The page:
It someone wants to be technical, they'd use a galactic cylindrical system with the appropriate number of significant figures (seven, if you want to be clear on the difference between alpha and proxima centauri).

The reason I suggested using the "heading + arm" approach was because it can serve as the first step of the more technical system without any need for a completely different set of coordinates.

I think there's value in being able to choose between "40 Sagittarius, such-and-such Cavity, such-and-such Cloud" and "40.049 Sagittarius, 71.99387 degrees 422.011 parsecs", particularly because the first identifier matches more closely. Plus, if you're giving "directions" within your own region, you can drop the whorl name entirely and people will understand, even if you're using technical coordinates.

Given the cross-section of a region defined by a top-level identifier like "40.049 Sagittarius" (which I depicted in one of the images above), I'm not sure whether cartesian or cylindrical coordinates is a better fit. Any thoughts on this?

For the record, you need about three decimal digits on your compass heading to pinpoint a 4-lightyear-wide band, which is typically good enough for picking out individual star systems (the Hill sphere of a sun-like star is about 1 lightyear across, so gravitationally unbound systems will typically be at least 1-2 lightyears apart).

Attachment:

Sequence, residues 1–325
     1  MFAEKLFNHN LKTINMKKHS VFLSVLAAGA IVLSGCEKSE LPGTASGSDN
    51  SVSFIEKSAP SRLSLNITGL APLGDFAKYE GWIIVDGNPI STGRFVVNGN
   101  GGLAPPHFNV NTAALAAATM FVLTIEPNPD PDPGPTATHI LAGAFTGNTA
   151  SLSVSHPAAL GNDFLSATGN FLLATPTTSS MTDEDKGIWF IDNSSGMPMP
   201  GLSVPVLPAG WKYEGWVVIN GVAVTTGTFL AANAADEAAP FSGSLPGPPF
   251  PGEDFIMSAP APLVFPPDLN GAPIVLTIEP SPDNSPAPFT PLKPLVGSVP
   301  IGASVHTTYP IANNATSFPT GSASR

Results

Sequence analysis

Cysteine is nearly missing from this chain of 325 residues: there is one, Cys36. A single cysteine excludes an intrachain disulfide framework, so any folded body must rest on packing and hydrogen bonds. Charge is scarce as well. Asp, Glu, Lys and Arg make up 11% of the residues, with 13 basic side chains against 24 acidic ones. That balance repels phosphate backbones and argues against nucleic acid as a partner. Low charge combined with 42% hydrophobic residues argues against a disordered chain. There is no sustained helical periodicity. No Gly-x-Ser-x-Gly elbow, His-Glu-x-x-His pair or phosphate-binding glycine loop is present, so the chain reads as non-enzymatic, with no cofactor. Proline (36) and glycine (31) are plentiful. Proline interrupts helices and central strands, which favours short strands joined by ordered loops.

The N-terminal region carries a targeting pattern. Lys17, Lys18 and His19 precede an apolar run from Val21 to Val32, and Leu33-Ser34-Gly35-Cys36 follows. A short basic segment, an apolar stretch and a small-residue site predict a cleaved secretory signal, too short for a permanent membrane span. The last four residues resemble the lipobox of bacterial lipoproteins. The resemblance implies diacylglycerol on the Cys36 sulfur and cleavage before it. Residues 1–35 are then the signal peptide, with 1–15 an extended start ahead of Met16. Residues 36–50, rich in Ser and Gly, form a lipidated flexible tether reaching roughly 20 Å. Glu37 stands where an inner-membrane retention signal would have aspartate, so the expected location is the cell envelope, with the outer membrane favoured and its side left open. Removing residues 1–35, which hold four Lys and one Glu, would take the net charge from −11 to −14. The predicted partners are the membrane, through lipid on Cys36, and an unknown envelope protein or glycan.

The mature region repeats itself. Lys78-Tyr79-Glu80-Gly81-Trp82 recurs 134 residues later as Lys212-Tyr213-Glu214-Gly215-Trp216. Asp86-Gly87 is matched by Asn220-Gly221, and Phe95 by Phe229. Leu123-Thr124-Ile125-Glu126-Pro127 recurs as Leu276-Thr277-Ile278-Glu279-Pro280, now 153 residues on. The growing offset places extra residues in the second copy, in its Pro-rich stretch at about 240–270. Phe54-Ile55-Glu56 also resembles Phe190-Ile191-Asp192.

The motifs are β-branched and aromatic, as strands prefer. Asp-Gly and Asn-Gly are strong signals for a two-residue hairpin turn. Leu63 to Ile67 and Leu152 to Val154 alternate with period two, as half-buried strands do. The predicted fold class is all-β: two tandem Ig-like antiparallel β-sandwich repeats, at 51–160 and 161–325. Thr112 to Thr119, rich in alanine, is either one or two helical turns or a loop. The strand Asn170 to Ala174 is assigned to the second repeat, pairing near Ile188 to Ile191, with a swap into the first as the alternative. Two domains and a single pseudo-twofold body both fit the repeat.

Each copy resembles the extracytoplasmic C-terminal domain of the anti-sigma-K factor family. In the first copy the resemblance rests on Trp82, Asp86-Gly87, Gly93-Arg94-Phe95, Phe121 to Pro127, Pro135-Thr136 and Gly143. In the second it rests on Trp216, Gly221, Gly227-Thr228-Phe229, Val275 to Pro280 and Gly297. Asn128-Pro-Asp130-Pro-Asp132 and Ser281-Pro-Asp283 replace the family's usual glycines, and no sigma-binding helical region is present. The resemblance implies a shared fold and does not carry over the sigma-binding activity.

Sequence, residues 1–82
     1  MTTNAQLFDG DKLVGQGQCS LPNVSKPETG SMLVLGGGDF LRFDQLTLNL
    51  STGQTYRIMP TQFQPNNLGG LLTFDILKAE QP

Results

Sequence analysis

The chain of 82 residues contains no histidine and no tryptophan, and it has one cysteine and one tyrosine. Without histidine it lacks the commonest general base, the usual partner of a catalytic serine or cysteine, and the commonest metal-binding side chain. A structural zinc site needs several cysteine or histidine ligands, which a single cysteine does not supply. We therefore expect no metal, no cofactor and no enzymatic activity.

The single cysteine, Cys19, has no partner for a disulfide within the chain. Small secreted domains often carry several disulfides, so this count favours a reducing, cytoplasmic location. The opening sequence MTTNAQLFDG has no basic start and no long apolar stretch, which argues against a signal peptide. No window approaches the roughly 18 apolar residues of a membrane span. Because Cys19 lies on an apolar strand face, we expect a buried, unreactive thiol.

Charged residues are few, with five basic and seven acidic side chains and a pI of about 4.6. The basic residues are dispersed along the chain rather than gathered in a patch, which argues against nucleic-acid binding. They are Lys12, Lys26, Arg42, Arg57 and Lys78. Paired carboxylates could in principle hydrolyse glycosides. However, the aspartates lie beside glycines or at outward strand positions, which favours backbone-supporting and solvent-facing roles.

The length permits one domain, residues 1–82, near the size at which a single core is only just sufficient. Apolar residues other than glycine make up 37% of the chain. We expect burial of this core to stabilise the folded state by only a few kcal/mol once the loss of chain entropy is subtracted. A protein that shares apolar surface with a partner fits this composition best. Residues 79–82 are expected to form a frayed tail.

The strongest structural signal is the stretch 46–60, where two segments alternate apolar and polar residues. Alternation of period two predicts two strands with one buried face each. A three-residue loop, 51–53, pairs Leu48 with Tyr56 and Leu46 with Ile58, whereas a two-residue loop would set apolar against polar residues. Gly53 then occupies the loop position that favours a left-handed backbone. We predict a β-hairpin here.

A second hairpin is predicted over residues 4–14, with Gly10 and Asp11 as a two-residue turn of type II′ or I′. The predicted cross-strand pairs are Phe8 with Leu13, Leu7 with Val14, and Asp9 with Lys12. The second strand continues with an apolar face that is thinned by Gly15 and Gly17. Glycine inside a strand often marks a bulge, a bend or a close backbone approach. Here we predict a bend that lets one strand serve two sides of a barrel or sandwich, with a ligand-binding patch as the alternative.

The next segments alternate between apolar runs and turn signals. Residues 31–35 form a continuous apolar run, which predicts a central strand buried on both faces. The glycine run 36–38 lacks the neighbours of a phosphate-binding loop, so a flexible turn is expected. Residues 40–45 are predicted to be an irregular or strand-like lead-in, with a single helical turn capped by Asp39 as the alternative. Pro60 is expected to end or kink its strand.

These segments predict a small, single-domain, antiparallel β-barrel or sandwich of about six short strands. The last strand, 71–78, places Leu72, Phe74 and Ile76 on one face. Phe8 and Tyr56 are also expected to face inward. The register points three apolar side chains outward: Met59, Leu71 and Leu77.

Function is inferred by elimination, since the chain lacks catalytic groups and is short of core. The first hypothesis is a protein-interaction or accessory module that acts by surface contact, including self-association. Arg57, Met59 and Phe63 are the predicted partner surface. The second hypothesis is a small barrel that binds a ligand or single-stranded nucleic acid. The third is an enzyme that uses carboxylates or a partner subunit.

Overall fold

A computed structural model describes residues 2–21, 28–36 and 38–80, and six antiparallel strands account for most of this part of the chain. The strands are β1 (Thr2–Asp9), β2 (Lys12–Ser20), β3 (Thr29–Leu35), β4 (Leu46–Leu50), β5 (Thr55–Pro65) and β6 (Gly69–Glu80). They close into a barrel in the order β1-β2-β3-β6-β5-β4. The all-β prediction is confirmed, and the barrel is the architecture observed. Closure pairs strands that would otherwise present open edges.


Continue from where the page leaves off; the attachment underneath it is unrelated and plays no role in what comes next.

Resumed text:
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sevenperforce wrote:Given the cross-section of a region defined by a top-level identifier like "40.049 Sagittarius" (which I depicted in one of the images above), I'm not sure whether cartesian or cylindrical coordinates is a better fit. Any thoughts on this?
I presume for the Cartesian coordinates you'd use the height in galactic plane, galactic radius and whatever happens to be perpendicular to those two at heading 40.049?

I'd say at that scale getting right angles out of your coordinate system is more important than following the galactic curve.
For the record, you need about three decimal digits on your compass heading to pinpoint a 4-lightyear-wide band, which is typically good enough for picking out individual star systems (the Hill sphere of a sun-like star is about 1 lightyear across, so gravitationally unbound systems will typically be at least 1-2 lightyears apart).